By | April 1, 2018

Consumers are overwhelmed with cute acronyms that often confuse the car buying process. One stroll through the dealership showroom and mechanic’s bay, and you can walk outside wondering if you have just left the screening of a science fiction movie. One of the most frequently cited and misunderstood abbreviations in the automotive industry is called MSRP. You have heard the term mentioned by car sales representatives and have seen the acronym displayed on new and pre-owned cars, at least that is what you think the sticker prices of a vehicle means.

The fact remains a large percentage of consumers have no idea what MSRP means. Ignorance is not bliss for consumers who mistakenly refer to MSRP as what they have to pay for a new or used car. Car sales reps love to make money off uneducated car buyers.

With that in mind, let’s explore what MSRP means and how it affects the price you pay for a new or pre-owned vehicle.

The Key Word is “Suggested”

MSRP is the condensed version of Manufacturer’s Suggested Retail Price. Three of words are easy to understand, but the word “Suggested” can trip up consumers who have no idea what the word means. The reason for the confusion is how the business model works for a wide variety of other industries. For example, the price suggested by Apple for the price of the latest iPhone is what retailers typically charge consumers. However, when automakers suggest a price for a new vehicle, dealerships carrying the make and model are under no contractual obligation to charge the suggested price. In fact, automakers encourage dealers to offer incentives that lower the manufacturer’s suggested retail price. MSRP goes by many names, including retail price and sticker price, but one word makes the biggest difference in what you pay for a new or used car.


When Economics Overrules MSRP

Car dealerships have many reasons for going above or below a vehicle’s MSRP, although auto manufacturers strongly discourage the practice of dealers charging more than the MSRP. The fundamental economic principle of supply and demand can prompt auto dealerships to lower or raise the sticker price of a vehicle. Mandated by law, a car’s MSRP fluctuates depending on the demand consumers have for a vehicle and the supply delivered by an automobile manufacturer. Hot makes and models fresh off assembly lines, such as the Mazda Miata, Honda Odyssey, and Chrysler PT Cruiser sold for significantly more than the auto manufacturer’s suggested retail price. Another economic factor that influences a change in MSRP is the freight charge of transporting a car from the manufacturer to the dealership.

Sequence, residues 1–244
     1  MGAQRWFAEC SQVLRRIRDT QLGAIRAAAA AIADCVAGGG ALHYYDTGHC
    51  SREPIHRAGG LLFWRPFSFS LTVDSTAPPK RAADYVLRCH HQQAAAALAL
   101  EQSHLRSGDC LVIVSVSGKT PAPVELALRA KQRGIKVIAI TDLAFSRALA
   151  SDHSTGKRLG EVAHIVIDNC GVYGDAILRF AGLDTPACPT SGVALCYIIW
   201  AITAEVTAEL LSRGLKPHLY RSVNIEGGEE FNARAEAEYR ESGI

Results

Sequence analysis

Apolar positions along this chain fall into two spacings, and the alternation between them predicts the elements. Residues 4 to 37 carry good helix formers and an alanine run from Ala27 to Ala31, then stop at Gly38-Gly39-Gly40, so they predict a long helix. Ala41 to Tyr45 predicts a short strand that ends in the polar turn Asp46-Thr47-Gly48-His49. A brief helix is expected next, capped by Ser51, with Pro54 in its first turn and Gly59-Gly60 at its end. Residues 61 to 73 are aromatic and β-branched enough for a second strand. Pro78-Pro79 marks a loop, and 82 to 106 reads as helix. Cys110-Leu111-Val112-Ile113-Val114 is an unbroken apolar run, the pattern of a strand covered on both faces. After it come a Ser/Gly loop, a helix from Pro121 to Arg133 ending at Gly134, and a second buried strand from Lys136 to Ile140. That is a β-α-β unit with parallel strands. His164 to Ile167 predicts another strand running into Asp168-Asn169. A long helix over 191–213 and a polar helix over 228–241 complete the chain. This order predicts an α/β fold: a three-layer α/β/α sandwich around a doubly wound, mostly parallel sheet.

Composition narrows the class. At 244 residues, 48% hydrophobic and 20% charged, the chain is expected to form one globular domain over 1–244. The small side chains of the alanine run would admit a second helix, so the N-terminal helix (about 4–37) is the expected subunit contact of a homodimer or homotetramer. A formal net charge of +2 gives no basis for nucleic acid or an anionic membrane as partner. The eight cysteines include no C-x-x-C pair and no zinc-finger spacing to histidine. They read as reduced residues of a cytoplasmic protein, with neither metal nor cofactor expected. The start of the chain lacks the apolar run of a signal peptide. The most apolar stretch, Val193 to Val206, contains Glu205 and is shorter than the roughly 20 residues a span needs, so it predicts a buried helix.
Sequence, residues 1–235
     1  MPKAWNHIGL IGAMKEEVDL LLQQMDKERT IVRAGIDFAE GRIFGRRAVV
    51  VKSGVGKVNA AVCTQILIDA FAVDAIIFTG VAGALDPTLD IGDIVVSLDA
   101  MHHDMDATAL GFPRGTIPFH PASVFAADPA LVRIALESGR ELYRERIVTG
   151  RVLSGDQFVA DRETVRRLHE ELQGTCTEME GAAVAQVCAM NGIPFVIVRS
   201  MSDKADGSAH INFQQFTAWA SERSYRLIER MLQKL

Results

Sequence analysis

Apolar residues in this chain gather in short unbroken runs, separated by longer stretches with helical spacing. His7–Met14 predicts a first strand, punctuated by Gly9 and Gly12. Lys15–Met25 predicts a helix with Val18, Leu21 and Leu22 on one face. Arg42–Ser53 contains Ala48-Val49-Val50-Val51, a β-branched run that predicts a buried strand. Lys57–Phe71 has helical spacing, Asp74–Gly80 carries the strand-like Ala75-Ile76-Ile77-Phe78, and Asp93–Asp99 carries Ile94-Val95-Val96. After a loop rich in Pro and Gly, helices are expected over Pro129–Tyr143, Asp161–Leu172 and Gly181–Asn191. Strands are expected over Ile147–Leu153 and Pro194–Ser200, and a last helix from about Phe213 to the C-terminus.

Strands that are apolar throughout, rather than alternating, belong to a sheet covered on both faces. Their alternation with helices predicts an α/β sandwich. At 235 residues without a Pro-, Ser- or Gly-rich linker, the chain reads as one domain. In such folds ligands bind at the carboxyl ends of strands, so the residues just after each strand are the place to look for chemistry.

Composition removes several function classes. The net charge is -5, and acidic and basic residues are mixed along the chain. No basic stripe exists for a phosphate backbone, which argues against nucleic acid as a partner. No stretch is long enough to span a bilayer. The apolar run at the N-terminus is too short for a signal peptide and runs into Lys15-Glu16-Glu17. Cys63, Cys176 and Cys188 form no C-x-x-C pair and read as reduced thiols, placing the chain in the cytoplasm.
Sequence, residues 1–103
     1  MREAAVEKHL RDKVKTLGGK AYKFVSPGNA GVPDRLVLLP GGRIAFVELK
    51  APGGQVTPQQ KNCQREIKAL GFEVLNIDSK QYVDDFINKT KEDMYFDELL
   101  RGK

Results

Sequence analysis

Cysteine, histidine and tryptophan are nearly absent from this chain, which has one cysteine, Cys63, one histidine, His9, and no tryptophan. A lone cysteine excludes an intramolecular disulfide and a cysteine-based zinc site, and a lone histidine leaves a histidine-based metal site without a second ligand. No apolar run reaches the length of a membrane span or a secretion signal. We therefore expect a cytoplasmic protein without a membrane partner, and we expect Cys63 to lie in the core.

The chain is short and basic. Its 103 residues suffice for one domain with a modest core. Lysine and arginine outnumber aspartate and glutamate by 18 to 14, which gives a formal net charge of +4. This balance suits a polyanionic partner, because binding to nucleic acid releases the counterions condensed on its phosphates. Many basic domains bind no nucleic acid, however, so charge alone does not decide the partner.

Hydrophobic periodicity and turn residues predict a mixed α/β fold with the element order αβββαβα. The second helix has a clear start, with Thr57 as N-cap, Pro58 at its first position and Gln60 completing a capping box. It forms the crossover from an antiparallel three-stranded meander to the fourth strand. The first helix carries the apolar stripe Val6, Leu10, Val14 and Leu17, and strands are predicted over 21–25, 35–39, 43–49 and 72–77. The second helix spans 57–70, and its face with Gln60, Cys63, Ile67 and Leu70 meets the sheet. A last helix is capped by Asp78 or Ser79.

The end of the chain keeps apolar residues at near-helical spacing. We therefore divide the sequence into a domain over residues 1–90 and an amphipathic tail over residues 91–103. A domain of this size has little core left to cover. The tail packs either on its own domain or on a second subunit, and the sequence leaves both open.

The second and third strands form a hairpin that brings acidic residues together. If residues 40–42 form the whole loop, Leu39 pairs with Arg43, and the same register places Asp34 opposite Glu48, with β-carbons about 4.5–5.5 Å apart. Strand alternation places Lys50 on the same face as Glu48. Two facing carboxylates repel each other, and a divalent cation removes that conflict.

MSRP and Fair Purchase Price

Consumers have a better price to refer to for buying a new or pre-owned car. Fair purchase price (FPP) is the most accurate pricing tool available and consumers can determine FPP by using one of several online resources. FPP represents the car price consumers currently pay on an open car market platform. Market conditions influence FPP, which can exceed a MSRP in cases like the MAZDA RX8. The popular Mazda model sold above MSRP because of limited supply. FPP is not influenced by auto dealerships or manufacturers. It is determined by transaction data generated over the open car market. Knowing the FPP of a new vehicle is a valuable negotiating tool for consumer to have at car dealerships.

Optional Equipment Changes MSRP

Customization has become a common term for consumers who want to mold products to fit their perfect visions. By adding optional equipment to new vehicles, consumers customize a standard make and model. The customization of vehicles makes MSRP irrelevant, as additional options increase the price of a car. Auto manufacturers set a MSRP for vehicles based on the standard options available for each trim. Consumers then select the additional features they want that increase the price of a new car.

Remember that when you sit down to negotiate the price of a new or pre-owned vehicle, the sales representative will probably mention the car’s MSRP to get the ball rolling. Savvy car buyers ignore the mention of MSRP and instead, come prepared for the negotiations armed with the latest FPP data, as well as the costs of adding features such as power windows and a rear view camera.

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